This is one of the major pitfalls because instead of starting with a commercial use case and working a product backward, those founders fall into the innovator’s bias.
They tend to overstate the importance of the technology (in the short term) vs. the potential problem it might solve.
While technology might become critical in the long run as its adoption scales up, initially, it’s critical to scale up the commercial use case of that technology.
One example these days is how Zuckerberg fell in love with his vision of the Metaverse, throwing billions at it without a proper commercial use case.
The huge risk is that the Metaverse, according to Zuckerberg’s vision, is primarily a gaming console, and that’s it.
For a technology to become viable at scale, it needs to have roots in wider and wider commercial applications.
Hard to measure
Another major drawback of the product-market fit is it’s very hard to measure because a bit foggy as a concept.
In short, while in theory, it seems easy to say you got product-market fit when you’re growing at super speed.
How do you know if you’re getting there? And if you’re moving in the right direction? As we’ll see, a problem-solution fit framework might be way more effective for it.
Look for a too-large market segment
Another pitfall of the product-market fit is that it makes startups look for too wide market opportunities in the early days.
While we all like to hear the story of Amazon as the everything store. Or Google, as it became the dominant search player.
And Facebook, when it opened up to the world. It’s critical to remind that before becoming the everything store, Amazon was an online bookstore.
That Facebook was a social network for a few selected colleges in the US.
And that Google was a research project at Stanford! We’ll see how we can fix this by applying a Blue Sea Strategy!
How do we fix these major drawbacks?
Fall in love with the problem first
To obviate these core issues above, we need to have a reality check, an obsession with the problem at hand.
There is a trick there, though, to understand a problem, you got to narrow down (substantially) the range of action of your product.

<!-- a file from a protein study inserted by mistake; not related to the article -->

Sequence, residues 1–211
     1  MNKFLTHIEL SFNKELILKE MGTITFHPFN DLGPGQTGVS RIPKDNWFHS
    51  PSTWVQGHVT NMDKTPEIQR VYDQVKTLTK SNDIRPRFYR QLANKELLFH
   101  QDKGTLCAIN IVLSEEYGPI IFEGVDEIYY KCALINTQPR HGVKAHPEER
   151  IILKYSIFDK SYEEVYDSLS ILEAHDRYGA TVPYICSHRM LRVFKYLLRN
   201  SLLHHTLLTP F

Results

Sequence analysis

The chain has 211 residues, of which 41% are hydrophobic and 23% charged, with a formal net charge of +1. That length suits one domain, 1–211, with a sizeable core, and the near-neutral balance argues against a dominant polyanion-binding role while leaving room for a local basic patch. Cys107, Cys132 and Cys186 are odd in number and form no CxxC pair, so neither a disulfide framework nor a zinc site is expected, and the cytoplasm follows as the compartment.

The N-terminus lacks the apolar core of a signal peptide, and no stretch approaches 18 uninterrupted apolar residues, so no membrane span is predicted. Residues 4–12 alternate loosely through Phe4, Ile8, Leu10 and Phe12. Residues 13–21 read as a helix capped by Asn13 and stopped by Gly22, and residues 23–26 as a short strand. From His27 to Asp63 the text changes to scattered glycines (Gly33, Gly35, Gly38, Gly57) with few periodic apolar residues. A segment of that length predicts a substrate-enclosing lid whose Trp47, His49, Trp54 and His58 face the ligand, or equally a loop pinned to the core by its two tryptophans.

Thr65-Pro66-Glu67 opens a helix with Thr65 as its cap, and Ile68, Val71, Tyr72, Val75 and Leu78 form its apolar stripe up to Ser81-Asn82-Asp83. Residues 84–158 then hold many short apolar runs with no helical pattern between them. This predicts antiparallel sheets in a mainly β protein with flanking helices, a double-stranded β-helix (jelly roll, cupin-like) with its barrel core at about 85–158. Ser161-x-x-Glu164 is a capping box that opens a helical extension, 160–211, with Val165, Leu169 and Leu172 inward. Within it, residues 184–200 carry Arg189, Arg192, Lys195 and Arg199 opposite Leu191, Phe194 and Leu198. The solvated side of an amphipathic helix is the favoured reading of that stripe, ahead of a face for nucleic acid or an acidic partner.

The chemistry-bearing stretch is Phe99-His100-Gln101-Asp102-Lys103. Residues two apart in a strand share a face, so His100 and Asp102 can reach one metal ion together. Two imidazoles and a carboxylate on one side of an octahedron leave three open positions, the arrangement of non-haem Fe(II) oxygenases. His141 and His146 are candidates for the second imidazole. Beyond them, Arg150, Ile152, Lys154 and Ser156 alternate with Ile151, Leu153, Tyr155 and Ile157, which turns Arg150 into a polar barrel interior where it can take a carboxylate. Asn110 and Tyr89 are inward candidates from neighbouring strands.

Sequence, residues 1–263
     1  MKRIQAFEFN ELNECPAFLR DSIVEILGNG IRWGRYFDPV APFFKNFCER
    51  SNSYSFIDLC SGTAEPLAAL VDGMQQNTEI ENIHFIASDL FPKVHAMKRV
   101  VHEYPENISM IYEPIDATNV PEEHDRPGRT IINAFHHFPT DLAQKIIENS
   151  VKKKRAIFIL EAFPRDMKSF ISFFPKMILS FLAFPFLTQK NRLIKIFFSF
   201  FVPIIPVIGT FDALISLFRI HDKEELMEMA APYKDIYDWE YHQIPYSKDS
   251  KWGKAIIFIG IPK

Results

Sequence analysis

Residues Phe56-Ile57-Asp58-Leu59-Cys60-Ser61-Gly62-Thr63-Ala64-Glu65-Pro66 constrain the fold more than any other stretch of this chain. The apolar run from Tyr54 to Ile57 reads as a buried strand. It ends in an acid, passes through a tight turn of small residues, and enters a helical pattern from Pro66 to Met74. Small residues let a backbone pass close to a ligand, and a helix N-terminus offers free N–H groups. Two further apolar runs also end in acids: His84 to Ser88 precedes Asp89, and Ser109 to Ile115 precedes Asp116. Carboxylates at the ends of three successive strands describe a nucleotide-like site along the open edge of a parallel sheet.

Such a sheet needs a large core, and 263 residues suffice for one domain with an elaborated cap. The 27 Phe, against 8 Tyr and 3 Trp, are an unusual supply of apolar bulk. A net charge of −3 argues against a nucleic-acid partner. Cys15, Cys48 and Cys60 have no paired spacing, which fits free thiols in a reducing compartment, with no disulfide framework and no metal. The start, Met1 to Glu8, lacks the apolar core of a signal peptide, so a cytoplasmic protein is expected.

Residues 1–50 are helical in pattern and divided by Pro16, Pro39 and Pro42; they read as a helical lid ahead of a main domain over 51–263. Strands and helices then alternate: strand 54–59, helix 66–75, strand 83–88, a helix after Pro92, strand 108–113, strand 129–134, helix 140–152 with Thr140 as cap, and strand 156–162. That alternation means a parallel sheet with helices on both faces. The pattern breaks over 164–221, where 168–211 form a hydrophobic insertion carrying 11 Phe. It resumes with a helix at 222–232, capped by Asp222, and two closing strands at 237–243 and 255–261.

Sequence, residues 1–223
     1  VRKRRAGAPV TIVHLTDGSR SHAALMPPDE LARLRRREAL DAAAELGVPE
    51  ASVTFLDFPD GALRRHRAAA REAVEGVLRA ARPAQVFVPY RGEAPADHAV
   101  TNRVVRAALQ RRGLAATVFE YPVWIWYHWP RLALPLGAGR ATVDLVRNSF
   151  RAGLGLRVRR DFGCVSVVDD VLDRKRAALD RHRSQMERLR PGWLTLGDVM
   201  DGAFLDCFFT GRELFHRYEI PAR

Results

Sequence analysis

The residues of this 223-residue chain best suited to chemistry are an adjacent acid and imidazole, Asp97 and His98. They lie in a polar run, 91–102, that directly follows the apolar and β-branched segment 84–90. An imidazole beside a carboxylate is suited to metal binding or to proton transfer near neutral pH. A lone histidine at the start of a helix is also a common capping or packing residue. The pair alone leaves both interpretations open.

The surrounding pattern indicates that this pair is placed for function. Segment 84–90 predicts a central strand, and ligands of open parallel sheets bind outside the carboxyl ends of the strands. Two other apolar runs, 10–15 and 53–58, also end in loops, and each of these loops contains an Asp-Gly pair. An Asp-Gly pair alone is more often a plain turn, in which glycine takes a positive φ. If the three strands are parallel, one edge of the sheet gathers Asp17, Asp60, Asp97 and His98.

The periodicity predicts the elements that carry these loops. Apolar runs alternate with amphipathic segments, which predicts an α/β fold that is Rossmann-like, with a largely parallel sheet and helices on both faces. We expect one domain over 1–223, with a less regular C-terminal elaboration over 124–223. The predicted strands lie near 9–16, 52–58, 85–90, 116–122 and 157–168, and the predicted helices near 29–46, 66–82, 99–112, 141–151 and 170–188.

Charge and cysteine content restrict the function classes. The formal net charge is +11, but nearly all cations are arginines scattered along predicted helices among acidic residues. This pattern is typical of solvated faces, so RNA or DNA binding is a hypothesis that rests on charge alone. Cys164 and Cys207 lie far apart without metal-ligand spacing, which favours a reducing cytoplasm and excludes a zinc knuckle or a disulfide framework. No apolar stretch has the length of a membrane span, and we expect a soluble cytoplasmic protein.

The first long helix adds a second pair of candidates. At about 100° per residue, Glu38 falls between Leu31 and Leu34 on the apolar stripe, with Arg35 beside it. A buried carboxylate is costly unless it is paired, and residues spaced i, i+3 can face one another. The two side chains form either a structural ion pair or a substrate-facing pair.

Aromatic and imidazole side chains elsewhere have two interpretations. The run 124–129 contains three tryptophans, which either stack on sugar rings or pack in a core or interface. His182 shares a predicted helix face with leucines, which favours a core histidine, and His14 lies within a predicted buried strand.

Why? Because the more you try to tackle big problems, the more it’ll become ambiguous and the hardest it’ll be to find a proper solution for it.
Of course, as an entrepreneur, you can tackle whatever problem you want.
But, to build a viable product and create options to scale, narrowing things down help a lot to create less noisy feedback loops!
Blue Sea Strategy: Start with a Microniche to develop your Minimum Viable Audience
To achieve that, you want to start from a Blue Sea.
This is such a narrow space in an existing marketplace that:
- It is too tiny for a dominant player to go after.
- Yet, interesting enough for you to build a viable business.
- And where it’s easy to establish feedback loops that are valuable to iterate fast on the product.
Therefore, the first step is to develop and go after your microniche and find your Minimum Viable Audience:
Product-Market Fit vs. Founder-Problem Fit
There is also another core aspect to this.
It’s about the founder-problem fit.
In an interview by Tim Ferris with Roelof Botha, the partner at Sequoia Capital, Botha explained that well:
“It starts with an authentic identification with a problem.
I think when that founding inspiration because if you’re trying to start a business for the sake of starting a business, it’s so hard; there are so many challenges on the way to building a successful company.
If you’re doing it for the wrong reasons, you’re going to wilt, you simply won’t persevere.
But if you’re deeply motivated by what you’re doing, you’ll keep going, and you’ll overcome obstacle after obstacle and so that, to me, is one of the key starting conditions.
It is founder-problem fit!”
Thus, are you in love with the problem you’re trying to solve as a founder? The diagram below might help assess that.